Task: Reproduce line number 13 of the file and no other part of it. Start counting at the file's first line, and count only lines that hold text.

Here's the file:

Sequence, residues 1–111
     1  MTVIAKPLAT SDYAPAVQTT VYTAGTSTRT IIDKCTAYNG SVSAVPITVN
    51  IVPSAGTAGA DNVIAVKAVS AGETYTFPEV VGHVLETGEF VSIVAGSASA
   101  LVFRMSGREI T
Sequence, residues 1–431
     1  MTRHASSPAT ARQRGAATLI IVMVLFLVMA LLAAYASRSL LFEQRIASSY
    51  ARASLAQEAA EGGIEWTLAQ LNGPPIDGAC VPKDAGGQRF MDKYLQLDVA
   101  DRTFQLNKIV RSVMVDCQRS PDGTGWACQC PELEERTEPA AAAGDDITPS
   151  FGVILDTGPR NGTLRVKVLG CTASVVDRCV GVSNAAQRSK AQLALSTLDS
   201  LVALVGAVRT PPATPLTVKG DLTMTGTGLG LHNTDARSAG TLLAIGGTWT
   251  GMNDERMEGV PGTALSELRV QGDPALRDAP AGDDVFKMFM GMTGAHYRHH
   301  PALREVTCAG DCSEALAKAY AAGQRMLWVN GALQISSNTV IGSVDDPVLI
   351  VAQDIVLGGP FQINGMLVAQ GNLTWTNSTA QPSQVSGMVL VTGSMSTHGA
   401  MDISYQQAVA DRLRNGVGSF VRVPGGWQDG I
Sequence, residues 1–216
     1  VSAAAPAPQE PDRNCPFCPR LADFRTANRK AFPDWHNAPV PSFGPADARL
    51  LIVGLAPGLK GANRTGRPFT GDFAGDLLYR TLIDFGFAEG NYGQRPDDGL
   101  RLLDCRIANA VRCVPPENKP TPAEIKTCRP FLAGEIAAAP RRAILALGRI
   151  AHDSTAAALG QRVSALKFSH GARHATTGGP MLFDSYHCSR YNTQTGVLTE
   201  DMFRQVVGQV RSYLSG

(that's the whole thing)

   351  VAQDIVLGGP FQINGMLVAQ GNLTWTNSTA QPSQVSGMVL VTGSMSTHGA